Photo by Debra DiPaolo

WHAT IS “QUEER” FILM? IS IT DIFFERENT FROM LESBIAN AND GAY FILM? AND ARE those differences based on aesthetics or politics, mainstream aspirations or some sort of indie, experimental integrity? As American pop culture owns up to gay — though not necessarily “queer” — influences filling its television shows, Hollywood movies and music charts with gay and lesbian characters, actors and musicians, the cost vs. the payoff of visibility is a question of increasing importance. Exactly who is defining and gatekeeping the myriad queer sensibilities and identities? Is “crossover” the only barometer that really matters? Why do the majority of female characters in the recent crop of gay-male films float across the screen like so many one-dimensional, comic freaks?

To mark the 17th year of Outfest, the Los Angeles Gay and Lesbian Film Festival, which opens this weekend, we assembled a panel of voices from different areas of the entertainment world to answer these and other questions on queer/lesbian/gay cinema. Participants included Don Roos (writer-director of the film The Opposite of Sex, as well as screenwriter for films such as Love Field, Single White Female and Diabolique); Andrea Sperling (producer of The Living End, Desert Blue and the forthcoming But I'm Not a Cheerleader); Susan Glatzer (senior vice president of acquisitions and production for USA Films, and the woman responsible for ushering the October Films release High Art from Sundance into theaters); David Moreton (director of the current gay coming-of-age hit Edge of Seventeen); Adam Shulman (co-founder of the Shulman Rose Agency, which represents directors such as Bill Condon and Miguel Arteta); and John Cooper (associate director of programming of the Sundance Film Festival, who has worked as a programmer at Outfest). Also sitting in on the discussion were Weekly film editor Manohla Dargis, film critic Ella Taylor, editor Sue Horton, arts editor Tom Christie and editorial assistant Ron Athey.

–Ernest Hardy

L.A. Weekly: John, you were at Sundance when the term “new queer cinema” was coined. Do you feel that movement has been blown out of proportion, that the mythology has overwhelmed the reality?

John Cooper: Well, the mythology of independent cinema has been blown a bit out of control as well. Have we lived up to everything? I don't know. We thought there were unlimited possibilities at that point, and we've taken a little turn the other way. Everybody thought it was going to be easy, that the world was going to open its doors to gay cinema and we were going to be accepted. At least on the screen.

I remember being very nervous thinking — it's sort of silly — but thinking, can we show a gay film at Sundance? I remember thinking that we were doing something terribly naughty. And we were, really. Except that now it doesn't seem like anything.

Do you think an artificial standard was then created of what queer cinema was going to be? Because, really, when people think of that moment, there are only about three or four filmmakers and films that are cited — Poison, Swoon, Mala Noche, Parting Glances. This whole movement, or moment, was resting on a few shoulders, a handful of films.

Cooper: And the shoulders of those people you look at — like, Gregg Araki is no longer gay. [Laughter] So there's one gone right there, we lost him. And Tom Kalin decided he didn't want to direct films anymore. Todd Haynes stayed with what he was doing. I kind of wonder if the people that were there at that point even really considered themselves gay filmmakers. They opened this door, but they aren't the ones who kept pushing.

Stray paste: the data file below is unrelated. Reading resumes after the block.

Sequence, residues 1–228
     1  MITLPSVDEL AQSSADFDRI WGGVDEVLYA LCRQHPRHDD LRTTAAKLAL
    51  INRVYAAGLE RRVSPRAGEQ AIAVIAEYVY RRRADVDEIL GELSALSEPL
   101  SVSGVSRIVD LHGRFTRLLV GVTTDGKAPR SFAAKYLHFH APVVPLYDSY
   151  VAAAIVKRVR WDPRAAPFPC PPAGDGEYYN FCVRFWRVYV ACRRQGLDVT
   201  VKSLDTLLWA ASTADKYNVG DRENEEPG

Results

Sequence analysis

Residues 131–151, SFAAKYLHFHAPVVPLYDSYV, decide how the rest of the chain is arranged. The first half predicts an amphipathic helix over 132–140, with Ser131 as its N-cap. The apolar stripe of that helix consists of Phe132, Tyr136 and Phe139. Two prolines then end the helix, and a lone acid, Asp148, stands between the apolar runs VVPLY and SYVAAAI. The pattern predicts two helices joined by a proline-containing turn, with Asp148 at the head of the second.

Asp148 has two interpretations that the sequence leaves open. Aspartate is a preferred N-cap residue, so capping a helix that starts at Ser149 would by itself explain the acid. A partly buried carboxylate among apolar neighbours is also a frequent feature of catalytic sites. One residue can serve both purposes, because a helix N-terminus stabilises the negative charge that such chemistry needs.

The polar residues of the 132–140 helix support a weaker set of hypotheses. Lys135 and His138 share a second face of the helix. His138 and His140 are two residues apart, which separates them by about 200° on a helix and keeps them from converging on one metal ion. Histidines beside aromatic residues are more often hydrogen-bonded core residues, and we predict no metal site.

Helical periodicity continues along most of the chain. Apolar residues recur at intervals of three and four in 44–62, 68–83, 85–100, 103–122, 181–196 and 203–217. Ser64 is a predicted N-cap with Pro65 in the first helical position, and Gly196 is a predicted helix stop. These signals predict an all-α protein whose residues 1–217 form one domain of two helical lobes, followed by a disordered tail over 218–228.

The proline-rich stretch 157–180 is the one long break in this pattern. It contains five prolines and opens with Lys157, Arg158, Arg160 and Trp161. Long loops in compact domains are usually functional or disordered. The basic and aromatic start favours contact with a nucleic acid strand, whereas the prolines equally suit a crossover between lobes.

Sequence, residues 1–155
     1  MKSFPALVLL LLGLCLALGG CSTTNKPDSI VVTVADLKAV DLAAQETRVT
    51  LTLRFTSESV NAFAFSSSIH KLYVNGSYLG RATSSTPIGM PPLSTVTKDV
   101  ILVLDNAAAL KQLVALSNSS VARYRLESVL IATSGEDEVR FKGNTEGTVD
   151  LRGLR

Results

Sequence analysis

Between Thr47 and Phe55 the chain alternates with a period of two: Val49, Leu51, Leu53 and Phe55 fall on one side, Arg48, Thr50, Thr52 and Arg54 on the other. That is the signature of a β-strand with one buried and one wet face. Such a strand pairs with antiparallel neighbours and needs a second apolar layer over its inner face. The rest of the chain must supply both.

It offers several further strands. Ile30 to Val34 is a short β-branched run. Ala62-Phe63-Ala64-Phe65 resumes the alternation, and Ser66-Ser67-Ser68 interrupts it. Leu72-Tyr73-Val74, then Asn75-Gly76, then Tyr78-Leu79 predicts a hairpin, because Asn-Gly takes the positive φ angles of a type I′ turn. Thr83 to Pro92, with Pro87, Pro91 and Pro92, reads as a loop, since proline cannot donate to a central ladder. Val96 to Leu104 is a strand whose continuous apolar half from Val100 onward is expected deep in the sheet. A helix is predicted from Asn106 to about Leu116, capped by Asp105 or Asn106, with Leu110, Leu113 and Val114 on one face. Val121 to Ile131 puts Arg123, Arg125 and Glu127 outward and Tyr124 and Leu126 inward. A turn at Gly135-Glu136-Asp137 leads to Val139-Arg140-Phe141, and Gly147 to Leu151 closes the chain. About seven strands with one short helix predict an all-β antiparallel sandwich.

Where do you think the state of the art is right now? It's still unclear what we're calling this: gay and lesbian cinema or queer cinema. What's the distinction?

Andrea Sperling: Queer cinema is probably more innovative, political, pushing the medium. Gay is, maybe, more commercial films that are narratively conventional.

Cooper: Queer's a youthful word, too. It's a word that's used by youth a lot easier than it's used by people over 35.

Is it also a marketing strategy, in some ways?

David Moreton: I might be wrong — I have no facts on this — but when there's actual gay sex shown onscreen, it seems to divide the marketplace of who will distribute the movie, who the audience will be.

Those new queer-cinema films seemed — both formally and in terms of themes — audacious. Now we're swamped with a lot of coming-out tales that are less imaginative than an episode of Dawson's Creek. Does it seem like we're moving backward?


Sperling: I think that at the beginning of the queer new wave, because it was a new thing, the films were more political. You know, because no one had ever done it, so it was coming from a different place. Those films opened doors.

Adam Shulman: When you look at gay cinema, you have to separate independent film from studio films. In the studio arena, we're definitely moving forward and backward at the same time. I mean, it seems sort of chic now to have gay characters in studio movies. It makes studio executives feel like they're being open-minded and cool. But so many of the representations of gay people in studio movies are just so false or clichéd. It's important that independent cinema try to preserve true visions of gay people.

Well, that raises the threshold question, which is: What is gay cinema?

Susan Glatzer: Well, that question also exists within the independent world. There are films that are definitely gay cinema, no question. Like Go Fish, or some of the ones that have been mentioned. And then there are others where that's not the main theme. There are a lot like that, and you're going to find more coming from the independent realm as well as the studio realm.

Sperling: Do you mean gay themes as a subplot?

Glatzer: A subplot or a character running through it. The lines will blur more.